Cleaning is unpopular with many employees who prefer the challenge of troubleshooting or machining. Cleaning is messy, sometimes monotonous, and can be a potential health risk. There can be prejudice in a company culture that associates the job of cleaning with a lack of talent. On the flip side, other repair techs live for the cleaning stage. It is an area where they can relax, crank up the radio and scrub tooling for hours, while passing managers are impressed with the technician's diligence on the job.

However, a top-shelf toolmaker is usually not assigned to clean molds. This responsibility is often placed in the hands of a technician who is not familiar with the mold-specific defects and function, or the critical seal areas of the tooling. Doing so will often create continuous mold performance issues and inflate the tooling budget through the addition of dings, burrs, rounded-over edges, premature plating or steel removal and mixed up tooling. These problems, in turn, can ignite the fires that are fought in a reactive system that does not monitor or count defects to correct root causes.

How Clean Is Clean Enough?

The type of fouling (chemical make-up and physical characteristics) or residue the molding process leaves behind on your tooling will help determine your cleaning requirements.

Many resins contain stabilizers, fillers or release agents that leave residue in the form of grease, light oil, yellow waxy film or rust and white-colored dust. Some resins, such as PVC, create hydrogen chloride gases that corrode many types of mold steels. Other resins with flame-retardants contain antioxidants, which will plate-out and over time attack steel.

Some color pigments stain steels that build up and can be difficult to remove. Even plain water will do harm if left on untreated mold surfaces too long.

Molds should only be cleaned as much as necessary to carry them through a predetermined number of cycles. Scrubbing or blasting all oxidation stains and discoloration off non-critical tooling and plates every time a mold comes out opens pores and slowly erodes the surface and edges, requiring replacement long before it should. Unfortunately, it only takes minutes of run time to reacquire the initial staining. This was proven to me by observing molds that were thoroughly cleaned, run for a couple of hours, then pulled for a change-over. In areas where a lot of time had been spent scrubbing, some surface stains reappeared.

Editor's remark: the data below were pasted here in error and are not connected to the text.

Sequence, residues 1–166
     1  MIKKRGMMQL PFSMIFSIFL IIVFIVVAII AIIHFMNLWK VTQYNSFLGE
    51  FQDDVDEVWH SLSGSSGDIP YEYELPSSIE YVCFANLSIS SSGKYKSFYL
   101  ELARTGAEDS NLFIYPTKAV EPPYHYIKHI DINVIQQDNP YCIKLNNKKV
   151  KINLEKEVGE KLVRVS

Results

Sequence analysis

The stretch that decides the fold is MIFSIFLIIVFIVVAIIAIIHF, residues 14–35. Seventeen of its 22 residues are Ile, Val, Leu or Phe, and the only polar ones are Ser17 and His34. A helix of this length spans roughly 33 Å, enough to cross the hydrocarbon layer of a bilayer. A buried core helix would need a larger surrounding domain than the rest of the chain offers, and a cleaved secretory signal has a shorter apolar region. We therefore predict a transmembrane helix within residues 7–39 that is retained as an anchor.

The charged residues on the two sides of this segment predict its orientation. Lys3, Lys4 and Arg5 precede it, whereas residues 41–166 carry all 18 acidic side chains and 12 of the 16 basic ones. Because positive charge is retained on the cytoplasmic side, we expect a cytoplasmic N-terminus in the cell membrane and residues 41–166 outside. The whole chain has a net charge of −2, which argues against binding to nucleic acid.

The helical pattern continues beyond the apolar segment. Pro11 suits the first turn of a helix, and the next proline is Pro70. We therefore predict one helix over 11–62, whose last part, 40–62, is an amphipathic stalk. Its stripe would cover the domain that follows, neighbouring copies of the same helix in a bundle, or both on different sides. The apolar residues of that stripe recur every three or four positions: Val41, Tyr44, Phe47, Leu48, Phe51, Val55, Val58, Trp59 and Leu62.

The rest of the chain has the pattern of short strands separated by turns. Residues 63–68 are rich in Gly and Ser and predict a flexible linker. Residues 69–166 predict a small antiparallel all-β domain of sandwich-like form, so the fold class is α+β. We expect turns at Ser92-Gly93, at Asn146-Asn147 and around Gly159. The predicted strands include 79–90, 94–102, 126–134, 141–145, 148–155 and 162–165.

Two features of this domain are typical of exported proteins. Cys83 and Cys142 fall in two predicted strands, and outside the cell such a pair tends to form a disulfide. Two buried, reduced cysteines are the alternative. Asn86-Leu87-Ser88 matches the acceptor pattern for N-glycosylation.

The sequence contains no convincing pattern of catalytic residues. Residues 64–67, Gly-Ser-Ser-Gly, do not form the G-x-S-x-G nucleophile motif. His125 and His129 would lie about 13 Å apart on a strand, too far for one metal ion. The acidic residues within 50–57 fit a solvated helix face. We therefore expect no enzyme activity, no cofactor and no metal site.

Many molds have self-cleaning vent passages, which means highly polished in toolmaker terms. Cleaning, then polishing vents to an SPI #A3 finish or better prevents residue from adhering to a rougher surface that milling or grinding leaves, allowing residue to be blown into the larger vent dump area. This keeps vents cleaner for a longer period of time and also allows potential cycle increases between cleanings.

Over-cleaning results from abrasive hands-on methods using scrubbing pads that are too coarse, emery cloth or sandpaper, stones, and brushes with bristles made of assorted compositions such as nylon, brass and steel.

High-pressure blasting units that use media like hard plastics, glass beads, walnut shells and aluminum also can abrade the surface of molds. If used frequently, or in an unregulated maintenance environment, these abrasive methods slowly pound the surface of steel like microscopic chisels, causing residue to adhere to the now-porous surface. Overly abrasive cleaning methods are the primary reason molds experience quick residue build-up, excess wear, premature tooling failure and flash defects.

Finding the right cleaning equipment required for your molds and processes, combined with documented methods and frequencies, can reduce repair hours by as much as 50 percent and reduce tooling wear. The ROI on cleaning equipment is less than 60 days in many cases. Typically, the best method will involve two or three different technologies designed to clean specific types of residue.